Thursday, November 18, 2010

The Count of Monte Cristo (Reliance/United Artists, 1934)

by Mark Gabrish Conlan * Copyright (c) 2010 by Mark Gabrish Conlan * All rights reserved

The film was The Count of Monte Cristo, the 1934 United Artists version, produced by Edward Small for his Reliance Pictures and starring Robert Donat, whose only U.S. film this was. Accounts differ as to why; though this film was both a critical success and a commercial hit -- establishing Donat as a major star on both sides of the Atlantic -- and Warner Bros. signed him for the lead in the 1935 Captain Blood, he had chronic asthma, he didn't like the Hollywood atmosphere (in both senses of the term), he was homesick and he was also under contract to Alexander Korda, who was notoriously protective of his stars. In the event, Donat backed out of Captain Blood at the last minute -- either because of his asthma or because Korda summoned him back for another project -- which put Jack Warner on the spot: after trying to hire another established action star (Gary Cooper, Ronald Colman and Clark Gable were among the names he went after) for Captain Blood, he took a chance on the unknown Errol Flynn ... and made himself a new star.

The Count of Monte Cristo was, of course, based on a story by Alexandre Dumas pere ‑- as were quite a few of Small's productions (he also did The Man in the Iron Mask, The Corsican Brothers and the 1947 Black Magic, based on Dumas' Memoirs of a Physician) -- that's been filmed many times since (it had been filmed before that, including a 1915 Famous Players silent starring James O'Neill, Eugene O'Neill's father, who'd been well known on stage in the role), and he apparently had a hissy-fit over Universal's plans to make a film called The Countess of Monte Cristo (a remake of a 1932 German production), even though that was a modern-dress screwball comedy with nothing in common plot-wise with Dumas' period piece.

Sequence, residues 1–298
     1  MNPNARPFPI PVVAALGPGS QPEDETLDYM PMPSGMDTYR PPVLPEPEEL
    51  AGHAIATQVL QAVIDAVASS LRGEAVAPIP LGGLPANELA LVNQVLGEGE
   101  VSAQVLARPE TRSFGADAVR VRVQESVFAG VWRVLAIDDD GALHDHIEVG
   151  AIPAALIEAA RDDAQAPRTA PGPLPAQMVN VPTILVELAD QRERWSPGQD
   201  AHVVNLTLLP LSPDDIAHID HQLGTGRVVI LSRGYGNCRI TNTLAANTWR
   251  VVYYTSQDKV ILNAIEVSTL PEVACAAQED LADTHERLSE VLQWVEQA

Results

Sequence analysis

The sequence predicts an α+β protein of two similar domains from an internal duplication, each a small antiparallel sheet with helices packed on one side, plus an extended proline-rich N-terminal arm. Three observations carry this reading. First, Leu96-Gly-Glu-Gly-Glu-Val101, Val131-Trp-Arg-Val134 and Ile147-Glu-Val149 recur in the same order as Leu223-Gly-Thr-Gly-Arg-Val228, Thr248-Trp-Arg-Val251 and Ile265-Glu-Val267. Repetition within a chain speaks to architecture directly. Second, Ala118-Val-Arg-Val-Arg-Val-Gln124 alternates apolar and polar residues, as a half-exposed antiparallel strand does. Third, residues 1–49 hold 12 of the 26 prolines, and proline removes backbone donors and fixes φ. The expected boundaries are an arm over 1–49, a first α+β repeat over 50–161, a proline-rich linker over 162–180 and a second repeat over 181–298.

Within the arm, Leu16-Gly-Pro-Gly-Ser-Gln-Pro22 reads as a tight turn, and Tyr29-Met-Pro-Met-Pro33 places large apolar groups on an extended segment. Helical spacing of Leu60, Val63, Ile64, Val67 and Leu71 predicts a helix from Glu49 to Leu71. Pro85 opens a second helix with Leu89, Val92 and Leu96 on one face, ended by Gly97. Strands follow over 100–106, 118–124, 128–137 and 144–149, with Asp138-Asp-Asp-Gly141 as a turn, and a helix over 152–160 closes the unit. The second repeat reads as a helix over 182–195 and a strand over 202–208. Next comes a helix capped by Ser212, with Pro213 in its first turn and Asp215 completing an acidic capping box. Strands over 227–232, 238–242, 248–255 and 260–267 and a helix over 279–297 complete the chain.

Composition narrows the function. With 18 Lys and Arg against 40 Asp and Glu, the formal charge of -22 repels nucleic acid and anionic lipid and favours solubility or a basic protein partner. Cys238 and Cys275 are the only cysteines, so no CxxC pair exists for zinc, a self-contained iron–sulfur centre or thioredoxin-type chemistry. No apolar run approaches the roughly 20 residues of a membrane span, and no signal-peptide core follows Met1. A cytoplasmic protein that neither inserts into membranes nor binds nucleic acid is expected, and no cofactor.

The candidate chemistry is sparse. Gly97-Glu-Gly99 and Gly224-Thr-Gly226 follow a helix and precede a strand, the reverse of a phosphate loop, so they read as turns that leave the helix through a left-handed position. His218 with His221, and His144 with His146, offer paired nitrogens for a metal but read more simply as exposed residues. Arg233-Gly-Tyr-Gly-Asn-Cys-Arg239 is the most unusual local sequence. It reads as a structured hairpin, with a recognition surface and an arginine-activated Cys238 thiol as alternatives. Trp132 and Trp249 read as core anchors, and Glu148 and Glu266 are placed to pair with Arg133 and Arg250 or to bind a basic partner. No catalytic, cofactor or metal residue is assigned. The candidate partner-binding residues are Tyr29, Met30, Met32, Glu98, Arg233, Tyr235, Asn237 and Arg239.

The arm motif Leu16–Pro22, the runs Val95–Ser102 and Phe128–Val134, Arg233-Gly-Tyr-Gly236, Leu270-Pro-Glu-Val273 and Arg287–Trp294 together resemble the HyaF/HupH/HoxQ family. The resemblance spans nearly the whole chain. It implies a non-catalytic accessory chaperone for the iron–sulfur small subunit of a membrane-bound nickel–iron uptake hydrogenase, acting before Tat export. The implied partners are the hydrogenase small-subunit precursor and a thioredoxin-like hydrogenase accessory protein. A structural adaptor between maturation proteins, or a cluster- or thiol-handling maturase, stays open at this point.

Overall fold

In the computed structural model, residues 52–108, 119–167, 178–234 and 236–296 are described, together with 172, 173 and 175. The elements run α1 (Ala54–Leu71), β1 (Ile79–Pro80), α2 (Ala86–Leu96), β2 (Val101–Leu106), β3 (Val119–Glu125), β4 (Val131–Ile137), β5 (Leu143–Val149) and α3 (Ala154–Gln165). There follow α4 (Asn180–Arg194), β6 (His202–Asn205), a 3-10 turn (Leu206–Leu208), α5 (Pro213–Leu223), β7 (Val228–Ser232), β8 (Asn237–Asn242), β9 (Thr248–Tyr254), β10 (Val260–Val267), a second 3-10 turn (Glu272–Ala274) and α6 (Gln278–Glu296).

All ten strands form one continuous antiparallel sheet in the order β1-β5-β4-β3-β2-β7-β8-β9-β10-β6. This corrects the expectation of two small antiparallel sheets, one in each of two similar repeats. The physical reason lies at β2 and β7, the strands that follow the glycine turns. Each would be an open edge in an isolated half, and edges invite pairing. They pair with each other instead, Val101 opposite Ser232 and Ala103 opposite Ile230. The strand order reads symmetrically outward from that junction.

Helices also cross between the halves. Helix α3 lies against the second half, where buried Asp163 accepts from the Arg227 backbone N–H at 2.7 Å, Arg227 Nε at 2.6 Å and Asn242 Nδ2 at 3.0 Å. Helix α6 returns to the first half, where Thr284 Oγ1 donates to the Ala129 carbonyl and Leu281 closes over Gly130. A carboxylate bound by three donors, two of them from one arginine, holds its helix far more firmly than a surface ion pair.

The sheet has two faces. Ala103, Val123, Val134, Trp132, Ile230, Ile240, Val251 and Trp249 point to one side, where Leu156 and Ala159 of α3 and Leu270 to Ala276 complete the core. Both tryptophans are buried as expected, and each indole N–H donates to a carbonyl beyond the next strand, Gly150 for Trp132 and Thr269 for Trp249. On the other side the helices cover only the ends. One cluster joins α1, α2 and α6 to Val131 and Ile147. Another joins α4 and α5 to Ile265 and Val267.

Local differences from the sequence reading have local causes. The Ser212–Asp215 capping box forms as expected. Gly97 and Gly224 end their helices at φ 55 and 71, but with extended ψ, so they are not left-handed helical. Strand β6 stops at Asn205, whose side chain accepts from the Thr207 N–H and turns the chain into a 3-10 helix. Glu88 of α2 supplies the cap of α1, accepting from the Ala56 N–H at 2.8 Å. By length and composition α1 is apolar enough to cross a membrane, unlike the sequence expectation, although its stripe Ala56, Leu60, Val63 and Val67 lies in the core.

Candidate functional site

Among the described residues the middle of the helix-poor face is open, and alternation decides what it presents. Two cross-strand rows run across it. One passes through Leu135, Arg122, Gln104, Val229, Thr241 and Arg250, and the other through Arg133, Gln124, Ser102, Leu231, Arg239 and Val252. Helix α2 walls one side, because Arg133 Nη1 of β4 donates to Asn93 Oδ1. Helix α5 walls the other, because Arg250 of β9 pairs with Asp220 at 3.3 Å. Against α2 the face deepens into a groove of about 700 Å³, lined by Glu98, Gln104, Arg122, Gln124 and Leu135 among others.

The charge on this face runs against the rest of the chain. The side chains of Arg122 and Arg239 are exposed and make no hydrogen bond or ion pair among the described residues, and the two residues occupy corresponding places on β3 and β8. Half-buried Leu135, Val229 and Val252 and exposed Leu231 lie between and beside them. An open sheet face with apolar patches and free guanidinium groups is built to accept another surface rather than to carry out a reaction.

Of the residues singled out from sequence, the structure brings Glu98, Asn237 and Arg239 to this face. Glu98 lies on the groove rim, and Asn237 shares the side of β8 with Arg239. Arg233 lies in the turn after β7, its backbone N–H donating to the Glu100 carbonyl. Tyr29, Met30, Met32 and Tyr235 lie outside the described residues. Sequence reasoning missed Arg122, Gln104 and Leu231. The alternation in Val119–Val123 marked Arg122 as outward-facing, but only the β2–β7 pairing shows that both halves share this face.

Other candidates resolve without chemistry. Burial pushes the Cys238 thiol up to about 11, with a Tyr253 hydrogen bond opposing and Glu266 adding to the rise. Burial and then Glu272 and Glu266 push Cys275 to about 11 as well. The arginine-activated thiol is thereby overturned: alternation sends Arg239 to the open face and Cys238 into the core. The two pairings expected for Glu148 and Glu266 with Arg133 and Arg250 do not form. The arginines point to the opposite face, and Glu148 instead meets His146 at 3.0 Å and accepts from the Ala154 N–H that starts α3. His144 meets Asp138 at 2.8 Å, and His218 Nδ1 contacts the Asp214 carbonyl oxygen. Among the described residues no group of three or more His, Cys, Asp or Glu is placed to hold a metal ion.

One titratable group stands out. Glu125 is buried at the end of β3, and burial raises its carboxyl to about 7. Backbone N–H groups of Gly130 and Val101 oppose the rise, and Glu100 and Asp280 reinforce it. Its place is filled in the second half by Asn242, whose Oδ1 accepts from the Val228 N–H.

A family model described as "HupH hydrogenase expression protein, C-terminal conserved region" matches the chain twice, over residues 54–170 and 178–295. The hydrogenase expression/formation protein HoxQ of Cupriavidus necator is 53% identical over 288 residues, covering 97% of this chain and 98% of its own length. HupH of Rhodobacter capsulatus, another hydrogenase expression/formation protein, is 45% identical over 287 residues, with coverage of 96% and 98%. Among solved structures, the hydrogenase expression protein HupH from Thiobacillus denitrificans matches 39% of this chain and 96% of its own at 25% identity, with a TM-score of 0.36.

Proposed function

The plot deals with young ship's officer Edmond Dantes (Robert Donat), who gets embroiled in intrigue when Napoleon escapes from the island of Elba in 1815 and attempts to regain control of France from King Louis XVIII, the Bourbon the victors against Napoleon in the Battle of the Nations had installed on the French throne (both the King and Napoleon appear on-screen as minor characters). He's the first mate on a vessel whose captain, Leclerc (played by silent-screen star William Farnum), involved in Napoleon's resistance movement, dies of a heart attack at sea while the ship is fighting a hurricane. Before he croaks, the captain gives Dantes a letter and instructs him to hand it to someone who will identify himself with the password "Elba." Alas, they're overheard by Danglers (Raymond Walburn), the second mate, who relays the story to the king's attorney in Marseilles, Raymond de Villefort, Jr. (Louis Calhern), with the result that Dantes is arrested as he tries to pass the note to his contact -- who turns out to be Villefort's father (Lawrence Grant). Covering for his old man, Villefort, Jr. allows him to flee but throws Dantes into prison and makes sure he'll be kept there without trial until he dies.